WHO to provide medical aid for outbreak of snail fever

Minister for Health and Sports Dr Myint Htwe attends a meeting during which  WHO pledged to provide medical supplies and technical aid to prevent the outbreak of snail fever. Photo: Supplied
Minister for Health and Sports Dr Myint Htwe attends a meeting during which WHO pledged to provide medical supplies and technical aid to prevent the outbreak of snail fever. Photo: Supplied

The World Health Organization (WHO) will provide medical supplies and technical aid to prevent the outbreak of snail fever, which is an acute and chronic disease caused by parasitic worms released by freshwater snails.
In the meeting hall of the National Health Laboratory in Yangon on 21 July, Dr. Stephan Paul Jost, country representative of World Health Organization in Myanmar, and his delegation spoke about snail fever and made a pledge to provide medical aid at a negotiation meeting over its outbreak in the Inle area of Shan and Rakhine states.
The disease is prevalent in contaminated dams, lakes, fields, and creeks, which have freshwater snails infesting the water.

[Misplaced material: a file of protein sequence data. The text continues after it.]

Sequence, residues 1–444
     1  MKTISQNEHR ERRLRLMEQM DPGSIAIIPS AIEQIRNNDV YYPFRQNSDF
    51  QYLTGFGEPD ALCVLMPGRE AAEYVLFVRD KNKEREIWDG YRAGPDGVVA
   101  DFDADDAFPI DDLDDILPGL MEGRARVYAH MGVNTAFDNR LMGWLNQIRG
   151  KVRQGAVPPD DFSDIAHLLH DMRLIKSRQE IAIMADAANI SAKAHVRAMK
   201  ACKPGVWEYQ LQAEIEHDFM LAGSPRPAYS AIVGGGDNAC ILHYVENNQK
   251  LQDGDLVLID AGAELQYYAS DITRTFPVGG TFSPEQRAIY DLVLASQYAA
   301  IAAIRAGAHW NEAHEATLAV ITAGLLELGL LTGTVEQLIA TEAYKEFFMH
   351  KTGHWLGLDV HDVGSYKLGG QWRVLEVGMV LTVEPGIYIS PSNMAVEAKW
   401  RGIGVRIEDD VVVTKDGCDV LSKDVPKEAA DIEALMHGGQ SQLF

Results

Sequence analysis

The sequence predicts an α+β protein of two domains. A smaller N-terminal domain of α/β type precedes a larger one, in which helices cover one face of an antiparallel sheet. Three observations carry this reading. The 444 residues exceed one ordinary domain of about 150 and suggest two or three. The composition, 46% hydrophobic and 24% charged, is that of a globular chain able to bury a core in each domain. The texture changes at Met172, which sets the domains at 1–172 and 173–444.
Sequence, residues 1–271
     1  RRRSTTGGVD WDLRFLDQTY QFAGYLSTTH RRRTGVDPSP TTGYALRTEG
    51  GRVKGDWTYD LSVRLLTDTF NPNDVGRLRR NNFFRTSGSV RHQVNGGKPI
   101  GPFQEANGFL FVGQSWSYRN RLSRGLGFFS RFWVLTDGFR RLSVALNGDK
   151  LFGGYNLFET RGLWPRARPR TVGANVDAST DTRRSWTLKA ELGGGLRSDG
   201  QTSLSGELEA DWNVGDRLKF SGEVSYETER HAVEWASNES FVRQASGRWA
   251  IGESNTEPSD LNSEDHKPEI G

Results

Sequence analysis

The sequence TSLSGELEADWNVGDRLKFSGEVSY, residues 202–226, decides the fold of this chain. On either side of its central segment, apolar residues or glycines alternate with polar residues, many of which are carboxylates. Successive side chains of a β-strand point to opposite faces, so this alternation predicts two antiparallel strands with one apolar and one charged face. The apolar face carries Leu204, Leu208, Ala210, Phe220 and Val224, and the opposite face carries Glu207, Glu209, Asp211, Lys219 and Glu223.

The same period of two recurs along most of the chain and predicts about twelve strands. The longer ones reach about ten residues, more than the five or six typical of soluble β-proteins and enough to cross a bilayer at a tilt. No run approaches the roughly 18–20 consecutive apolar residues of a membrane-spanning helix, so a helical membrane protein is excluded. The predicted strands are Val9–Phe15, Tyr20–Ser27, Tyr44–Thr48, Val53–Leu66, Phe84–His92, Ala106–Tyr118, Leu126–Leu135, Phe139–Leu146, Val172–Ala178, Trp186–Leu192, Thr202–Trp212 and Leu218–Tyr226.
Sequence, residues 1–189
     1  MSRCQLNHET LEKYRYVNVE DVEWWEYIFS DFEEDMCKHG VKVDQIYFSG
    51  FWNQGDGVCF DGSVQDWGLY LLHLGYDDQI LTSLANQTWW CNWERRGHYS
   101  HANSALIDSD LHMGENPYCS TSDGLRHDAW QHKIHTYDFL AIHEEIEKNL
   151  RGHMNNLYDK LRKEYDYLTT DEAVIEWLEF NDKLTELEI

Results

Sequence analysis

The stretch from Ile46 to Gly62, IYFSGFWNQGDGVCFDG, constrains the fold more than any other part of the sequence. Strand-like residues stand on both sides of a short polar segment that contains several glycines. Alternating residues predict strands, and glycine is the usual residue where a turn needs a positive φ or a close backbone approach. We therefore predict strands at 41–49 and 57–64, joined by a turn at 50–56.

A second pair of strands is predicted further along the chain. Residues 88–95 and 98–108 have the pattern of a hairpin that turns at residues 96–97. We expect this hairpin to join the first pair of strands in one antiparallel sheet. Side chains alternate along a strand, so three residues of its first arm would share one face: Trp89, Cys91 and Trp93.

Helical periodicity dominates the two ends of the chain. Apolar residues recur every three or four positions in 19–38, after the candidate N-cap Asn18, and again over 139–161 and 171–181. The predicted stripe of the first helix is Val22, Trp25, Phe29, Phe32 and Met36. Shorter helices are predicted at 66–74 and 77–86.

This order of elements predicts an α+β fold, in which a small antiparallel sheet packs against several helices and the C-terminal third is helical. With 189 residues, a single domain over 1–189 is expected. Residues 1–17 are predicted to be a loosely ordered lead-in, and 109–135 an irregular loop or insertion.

Schistosomiasis or bileharzia, commonly known as snail fever, is an acute and chronic parasitic disease caused by blood flukes (trematode worms) of the genus schistosoma. People get infected when larval forms of the parasite cercariae released by freshwater snails penetrate the skin during contact with infested water. Transmission occurs when people suffering from schistosomiasis contaminate freshwater sources with their excreta containing parasite eggs, which hatch in water.
Symptoms of schistosomiasis include a rash, abdominal pain, diarrhoea, fever, headache, cough and body sores.
Haematuria (blood in urine), fibrosis of the bladder and ureter, and liver and kidney failure are diagnosed in advanced cases.
Detection by the polymerase chain reaction of schistosoma mansoni DNA in human serum and faeces can be made. No vaccine is available yet, but treatment with praziquantel is known to be effective.
As a prevention measure, people need to avoid swimming in lakes or creeks, which are vulnerable to infection. It can be prevented when people live in a hygienic environment, with adequate sanitation. Those engaged in agricultural activities, which expose them to infested water, should wear agricultural gloves and farming footwear, according to the Ministry of Health and Sports.
According to WHO’s
worldwide survey, schistosomiasis occurs in 78 countries. Experts from WHO headquarters, Southeast Asia
WHO office and China Centers for Disease Centrol will conduct research over the outbreak of schistosomiasis. The prevention measures will be coordinated with related departments.
The Union Minister for Health and Sports and officials from Health and Sports Ministry and WHO representatives and delegation attended this meeting.

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